BACKGROUND: Fewer than 20% of all illnesses that occur in the home require the attention of a general practitioner (GP). Whether specific illnesses in children are more likely to need the attention of a GP is poorly understood, as is the influence of various other factors. Health diaries are the most suitable method of collecting comprehensive information about children's health problems at home and in general practice simultaneously. AIM: To investigate the occurrence of, and consultation rates for, specific symptoms in childhood in relation to age, sex, birth order, and place of residence of the child, and season of the year. METHOD: The parents of 1805 children kept a health diary over three weeks and recorded symptoms and consultation behaviour. The symptoms were later combined into illness episodes. RESULTS: Over three weeks, colds/flu (157/1000 children) and respiratory symptoms (114/1000 children) occurred most frequently. More young children (0-4 years) suffered from illness generally. Eleven per cent of all illness episodes required the attention of a GP. Consultation rates differed greatly according to symptoms. A GP was consulted most often for ear (36%) and skin (28%) problems, and least often for headaches (2%) and tiredness (1%). Regardless of symptoms, young children (0-4 years) were taken to a GP twice as often as older children (10-14 years). CONCLUSIONS: This study emphasizes the enormous amount of illness that occurs in children and the fact that more than 80% of all illnesses are dealt with by parents without reference to the professional health care system.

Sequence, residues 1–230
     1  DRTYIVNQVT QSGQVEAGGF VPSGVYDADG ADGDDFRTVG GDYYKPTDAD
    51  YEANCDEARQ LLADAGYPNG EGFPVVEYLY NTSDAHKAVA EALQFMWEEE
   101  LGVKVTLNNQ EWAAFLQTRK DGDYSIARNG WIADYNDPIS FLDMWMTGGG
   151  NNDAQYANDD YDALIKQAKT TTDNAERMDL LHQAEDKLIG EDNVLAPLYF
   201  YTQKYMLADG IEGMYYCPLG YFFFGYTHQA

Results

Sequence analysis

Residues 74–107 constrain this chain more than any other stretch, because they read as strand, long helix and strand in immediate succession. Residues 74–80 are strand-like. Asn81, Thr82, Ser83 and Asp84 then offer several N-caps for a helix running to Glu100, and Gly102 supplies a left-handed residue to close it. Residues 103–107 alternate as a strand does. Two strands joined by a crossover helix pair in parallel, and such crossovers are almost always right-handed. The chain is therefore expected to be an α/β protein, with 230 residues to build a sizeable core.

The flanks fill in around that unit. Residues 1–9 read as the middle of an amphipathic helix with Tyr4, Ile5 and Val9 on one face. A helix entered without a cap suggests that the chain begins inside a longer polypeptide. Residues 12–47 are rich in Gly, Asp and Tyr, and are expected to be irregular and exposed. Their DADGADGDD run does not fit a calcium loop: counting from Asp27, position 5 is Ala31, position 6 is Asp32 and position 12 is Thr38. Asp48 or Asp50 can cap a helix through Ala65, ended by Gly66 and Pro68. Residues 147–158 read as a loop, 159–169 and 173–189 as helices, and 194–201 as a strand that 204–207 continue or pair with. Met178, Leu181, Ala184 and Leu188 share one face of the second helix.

To compare coital diaries and face‐to‐face interviews (FFIs) in measuring sexual behaviour among women at high risk of HIV. To assess the effect of differing levels of support from researchers on reporting in coital diaries and FFIs.